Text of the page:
Moretonhampstead, Devon (2019)
Artist in Residence
Amy Shelton was one of the three artists in residence invited to work with the community of Moretonhampstead throughout 2018 and 2019 for the Arts Council funded Growing Dartmoor Project with Green Hill Arts.
There were three stands to her residency which culminated in the creation of a bespoke public artwork Anthology: The Moretonhampstead Herbarium which was made for and is now permanently installed in Moretonhampstead Health Centre waiting room as a lasting legacy of the project. Shelton had flower collection points in the doctors surgery, cafes, shops, hairdressers and the school and post office.
The artwork reflects the rich culture that surrounds the plants grown across this ancient town. In the making of this work, Shelton worked with the entire school community of Moretonhampstead Primary, and a group of elders at Coppelia House Residential Home. It is estimated that since the 1930’s we have lost an estimated ninety eight percent of our wildflower-rich grasslands. Many of the residents at Coppelia House recalled memories of wildflower prevalence in their childhoods describing how they remembered there being fields of vermillion Poppies, Ox-Eye Daisies, Yellow Rattle and vibrant blue Flax in abundance in the places they played as children. This artwork reconnects a community with the biodiversity that surrounds them, hoping to re-evaluate the connection between human health and environment.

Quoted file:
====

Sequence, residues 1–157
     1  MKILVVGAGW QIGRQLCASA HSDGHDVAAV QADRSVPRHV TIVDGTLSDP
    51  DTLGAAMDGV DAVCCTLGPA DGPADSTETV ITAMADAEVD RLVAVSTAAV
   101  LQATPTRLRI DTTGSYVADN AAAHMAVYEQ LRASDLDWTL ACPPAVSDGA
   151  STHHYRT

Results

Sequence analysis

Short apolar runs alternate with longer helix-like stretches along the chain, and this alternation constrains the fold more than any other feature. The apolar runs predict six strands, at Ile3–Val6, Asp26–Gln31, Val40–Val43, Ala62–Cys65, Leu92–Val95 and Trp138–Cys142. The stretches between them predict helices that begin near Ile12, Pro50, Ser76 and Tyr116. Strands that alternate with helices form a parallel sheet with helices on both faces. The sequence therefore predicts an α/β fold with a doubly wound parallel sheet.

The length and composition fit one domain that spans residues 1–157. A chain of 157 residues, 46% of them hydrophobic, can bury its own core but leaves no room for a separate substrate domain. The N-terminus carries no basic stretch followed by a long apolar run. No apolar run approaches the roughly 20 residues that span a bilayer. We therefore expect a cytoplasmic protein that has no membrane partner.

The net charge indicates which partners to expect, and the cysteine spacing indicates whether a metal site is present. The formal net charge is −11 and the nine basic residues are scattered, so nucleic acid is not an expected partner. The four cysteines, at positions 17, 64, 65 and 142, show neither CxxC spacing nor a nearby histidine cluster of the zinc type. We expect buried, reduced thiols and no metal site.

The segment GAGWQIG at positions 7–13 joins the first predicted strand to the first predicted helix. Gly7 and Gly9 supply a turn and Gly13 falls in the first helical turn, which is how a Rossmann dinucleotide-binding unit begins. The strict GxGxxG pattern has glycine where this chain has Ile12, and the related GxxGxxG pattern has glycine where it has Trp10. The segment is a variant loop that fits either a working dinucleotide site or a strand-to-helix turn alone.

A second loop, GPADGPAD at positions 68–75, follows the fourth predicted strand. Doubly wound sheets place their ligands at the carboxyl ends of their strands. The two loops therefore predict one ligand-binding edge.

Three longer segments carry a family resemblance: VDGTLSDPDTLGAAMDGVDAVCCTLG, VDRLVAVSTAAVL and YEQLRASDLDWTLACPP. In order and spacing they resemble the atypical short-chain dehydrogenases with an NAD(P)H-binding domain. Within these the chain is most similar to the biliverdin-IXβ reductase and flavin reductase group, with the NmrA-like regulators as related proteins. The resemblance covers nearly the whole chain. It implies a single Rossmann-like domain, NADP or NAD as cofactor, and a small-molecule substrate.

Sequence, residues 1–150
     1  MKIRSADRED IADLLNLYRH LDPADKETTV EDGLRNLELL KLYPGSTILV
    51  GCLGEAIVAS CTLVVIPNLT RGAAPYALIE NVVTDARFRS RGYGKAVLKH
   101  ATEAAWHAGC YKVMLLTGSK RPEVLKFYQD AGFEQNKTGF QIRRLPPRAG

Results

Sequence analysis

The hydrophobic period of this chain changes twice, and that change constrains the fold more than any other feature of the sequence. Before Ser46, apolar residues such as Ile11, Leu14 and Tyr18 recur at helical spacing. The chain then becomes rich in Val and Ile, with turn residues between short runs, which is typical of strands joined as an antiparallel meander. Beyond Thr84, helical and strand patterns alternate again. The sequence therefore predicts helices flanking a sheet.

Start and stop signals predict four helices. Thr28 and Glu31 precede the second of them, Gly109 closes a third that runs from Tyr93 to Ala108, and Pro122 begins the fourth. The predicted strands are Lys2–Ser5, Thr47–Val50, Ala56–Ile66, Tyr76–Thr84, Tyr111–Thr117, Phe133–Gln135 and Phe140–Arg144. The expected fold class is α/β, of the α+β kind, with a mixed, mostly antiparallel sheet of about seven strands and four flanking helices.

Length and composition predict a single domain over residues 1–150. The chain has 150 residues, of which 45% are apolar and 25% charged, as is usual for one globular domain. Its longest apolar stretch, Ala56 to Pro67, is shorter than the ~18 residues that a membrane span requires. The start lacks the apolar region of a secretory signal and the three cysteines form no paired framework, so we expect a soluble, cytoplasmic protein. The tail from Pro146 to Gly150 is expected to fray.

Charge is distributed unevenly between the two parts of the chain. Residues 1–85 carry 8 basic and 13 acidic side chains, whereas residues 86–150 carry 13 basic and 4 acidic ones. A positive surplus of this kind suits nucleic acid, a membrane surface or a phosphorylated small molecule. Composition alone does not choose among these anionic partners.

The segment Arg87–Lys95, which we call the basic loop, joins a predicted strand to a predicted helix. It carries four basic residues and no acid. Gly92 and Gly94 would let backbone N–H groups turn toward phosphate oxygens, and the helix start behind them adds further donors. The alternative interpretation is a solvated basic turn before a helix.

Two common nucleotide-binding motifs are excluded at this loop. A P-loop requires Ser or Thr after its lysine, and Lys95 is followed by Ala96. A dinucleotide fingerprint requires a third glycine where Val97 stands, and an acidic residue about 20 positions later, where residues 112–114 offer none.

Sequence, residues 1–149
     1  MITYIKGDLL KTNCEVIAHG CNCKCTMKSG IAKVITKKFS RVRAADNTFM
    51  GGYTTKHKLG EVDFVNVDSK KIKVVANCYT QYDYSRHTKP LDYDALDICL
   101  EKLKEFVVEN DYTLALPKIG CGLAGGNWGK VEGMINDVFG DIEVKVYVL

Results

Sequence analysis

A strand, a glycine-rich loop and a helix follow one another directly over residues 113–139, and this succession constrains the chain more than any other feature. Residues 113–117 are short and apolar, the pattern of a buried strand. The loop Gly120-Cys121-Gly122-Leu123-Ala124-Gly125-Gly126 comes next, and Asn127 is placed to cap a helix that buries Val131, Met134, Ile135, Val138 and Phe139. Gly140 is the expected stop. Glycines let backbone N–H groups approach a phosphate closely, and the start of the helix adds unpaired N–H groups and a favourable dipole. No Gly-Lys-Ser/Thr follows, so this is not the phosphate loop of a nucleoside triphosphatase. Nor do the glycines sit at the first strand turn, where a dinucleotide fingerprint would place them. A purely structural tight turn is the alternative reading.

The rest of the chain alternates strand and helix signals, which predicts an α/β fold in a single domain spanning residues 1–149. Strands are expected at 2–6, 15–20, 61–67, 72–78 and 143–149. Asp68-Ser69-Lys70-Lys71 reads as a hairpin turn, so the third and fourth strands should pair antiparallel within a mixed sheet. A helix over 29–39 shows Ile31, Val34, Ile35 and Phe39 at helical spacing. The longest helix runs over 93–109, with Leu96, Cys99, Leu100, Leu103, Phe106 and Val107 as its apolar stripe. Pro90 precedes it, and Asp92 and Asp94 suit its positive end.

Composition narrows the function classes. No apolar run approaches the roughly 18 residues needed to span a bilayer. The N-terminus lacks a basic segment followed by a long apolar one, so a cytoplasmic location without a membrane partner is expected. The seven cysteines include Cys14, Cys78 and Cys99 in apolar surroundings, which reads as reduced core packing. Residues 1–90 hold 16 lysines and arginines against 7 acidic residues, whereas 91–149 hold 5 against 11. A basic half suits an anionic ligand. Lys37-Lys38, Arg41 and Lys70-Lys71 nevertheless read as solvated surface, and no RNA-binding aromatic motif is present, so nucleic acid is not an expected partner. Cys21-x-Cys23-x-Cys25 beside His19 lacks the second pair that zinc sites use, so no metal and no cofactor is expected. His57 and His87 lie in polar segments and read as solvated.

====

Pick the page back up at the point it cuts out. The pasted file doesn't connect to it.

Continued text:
The works made in the workshops and Anthology: The Moretonhampstead Herbarium were exhibited in the exhibition Thrive: Our community and the Flora of the Moors in autumn 2019 alongside the work of Nicky Thompson and Angharad Barlow – the other two artists in residence for this project.
In 2018 Amy Shelton was commissioned by Greenhill Arts in Moretonhampstead to create an artwork to be permanently installed in the Health Centre waiting room. The Anthology: Moretonhampstead Herbarium lightbox artwork illuminates the flowers people collected from their gardens and allotments as well as the wildflowers that Shelton gathered from the hedgerows and from the edges of the moor. It not only celebrates the biodiverse flora growing in the town, but the community who live there. Anthology derives from an Ancient Greek word anthologia, meaning a ‘flower-gathering’. Singly each carefully pressed botanical sample tells a quiet, personal story. Together they form a bouquet imbued with meaning, celebrating diversity, and resonating with the many voices in its making. By mapping the cherished flowers that the community grow for pleasure and for food, this artwork tells a unique story. Many of the flowers encapsulated in this work were accompanied by labels explaining their significance to the grower, or simply the OS reference of where they were found. These are interwoven with flowers from wedding bouquets, ones picked the day a baby was born as well as favoured plant samples from the GP’s nurses and midwives at the Health Centre.